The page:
Germany: The Attachment Theory – How Does Love work?

A UPF gathering on November 12, 2016 in Frankfurt am Main, Germany


By UPF Germany, Monika Kunde

The family is still highly topical, even if some people have declared it to be an outdated model. This is clear from the results of the “Shell Youth Study 2015“, which conducted research into the value system of German youth. Young people give priority to values such as friendship, partnership and family. 89% put particular importance on having good friends, 85% a partner whom they can trust, and 72% a good family life.

So we were extremely happy that almost half of those participating in the UPF event were younger than 25 years old.

Following a short introduction into the basic goals of UPF by Claus Dubisz, an entertaining short video “Fred, der Exbärte: Über die Eltern-Kind- Bindung“, (from a series of online presentation for young parents) set the atmosphere for the main presentation – ‘the theory of attachment – how does love actually work? “

The speaker, Hildegard Piepenburg, is the mother of four children as well as holding a B.Sc. in psychology, and was thus able to draw upon a wealth of personal experience as well as theoretical knowledge to give a wide range of information which she presented under three headings –

1) research into bonding,

2) research into the brain and emotions and

3) what is love?

1) The attachment theory is an influential psychological theory which was established in the 1950’s by John Bowlby, an English child psychiatrist. Attachment is an emotional tie, coming from the child as an expression of a basic, inborn need for closeness and security. The child, who is not capable of independent life, relies on being cared for and looks for protection and security from someone who is ‚older and wiser‘. In doing so, it is not a matter of the provision of food or other things, but it is about the need for love.

A further need that children have is to investigate the environment, also known as the need to explore. Attachment and exploration oppose each other. The child must learn how to regulate closeness and distance. The unknown can only awaken curiosity when the child feels emotionally secure. Effective bonding promotes the child’s independence and personality development. Or to express it another way, emotional security encourages learning.

Complementing the two systems of behavior in the infant, is the so-called care system of the primary attachment figure, usually the mother. When she is sensitive to the child and promptly and reliably fulfills his needs, the child develops a secure attachment. When this is not the case, an insecure attachment develops which may be either avoiding or ambivalent. Such patterns of attachment will also affect the quality of the relationship in a later partnership. Family attachments have a lifelong importance for our emotional security.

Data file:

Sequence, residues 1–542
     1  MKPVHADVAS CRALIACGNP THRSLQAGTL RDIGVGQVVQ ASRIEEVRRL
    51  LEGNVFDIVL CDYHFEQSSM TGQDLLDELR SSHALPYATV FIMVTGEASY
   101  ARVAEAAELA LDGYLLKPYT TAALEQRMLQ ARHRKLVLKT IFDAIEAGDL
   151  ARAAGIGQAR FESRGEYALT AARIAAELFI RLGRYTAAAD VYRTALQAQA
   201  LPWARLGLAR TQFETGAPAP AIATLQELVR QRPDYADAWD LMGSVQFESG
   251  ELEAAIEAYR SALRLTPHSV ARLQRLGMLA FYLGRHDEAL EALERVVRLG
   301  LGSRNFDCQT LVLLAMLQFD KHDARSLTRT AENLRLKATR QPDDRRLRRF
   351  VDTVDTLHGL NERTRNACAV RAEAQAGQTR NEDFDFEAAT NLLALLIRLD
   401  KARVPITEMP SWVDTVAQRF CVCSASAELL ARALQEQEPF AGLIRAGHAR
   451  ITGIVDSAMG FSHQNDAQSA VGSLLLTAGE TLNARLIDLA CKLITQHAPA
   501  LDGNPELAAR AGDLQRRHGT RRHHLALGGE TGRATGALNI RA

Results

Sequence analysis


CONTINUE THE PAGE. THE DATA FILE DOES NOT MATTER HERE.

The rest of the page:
2) The brain and research into emotions Researchers call the brain a biosocial organ, since it is intrinsically shaped by the environment and the attachment figure. The child’s first 2-3 years are especially formative for brain development.

A good environment in a harmonious family with a variety of stimuli, fosters a child’s brain development. A bad environment such as, for example an irresponsibly run orphanage where there is a lack of love, has an inhibitory effect.

This was very clearly demonstrated by the results of the „Bucharest Early Intervention Project “a study of Romanian orphans, carried out by Charles A. Nelson.

The significance of emotions for human development was long underestimated, and this topic was not recognized as a field worthy of scientific research until the 1990s. The big surprise was that feelings are not accidental, erratic and meaningless, but rather logical, ‘intelligent ‘and thoroughly efficient. Emotions motivate us to action -without emotions we would not be able to act. We learn emotional intelligence and develop our capacity for empathy in a stable, secure relationship.

3) What is love?

The understandings of the research into attachment, brain and emotions have led to the development of something like a formula for love. Sue Johnson, psychologist and partner therapist, introduces many practical applications of these results in her book: „Love Sense “, which she uses very successfully as emotion focused therapy (EFT) for couples. Johnson speaks about cracking the „love code “. Love is an internal composure, an attitude towards oneself and others with the goal of well-being. The need for bonding, the ability to care and to empathize, all belong to our basic equipment to practice love.

Mrs. Piepenburg ended her presentation by stating that the teachings of all religions exhort us to develop our heart and to do good: ‘by heart, is meant the irrepressible impulse to experience joy through love. This heart is the deepest core of our being, implanted in us by God. In this way, we resemble him and strive to experience joy through love. When we can develop loving relationships on all levels; in the family, to all people, to nature and to God, the peaceful world which we all long for, will come about naturally. “

Everyone could agree with this statement, and the event ended with stimulating and lively discussion over coffee and cake.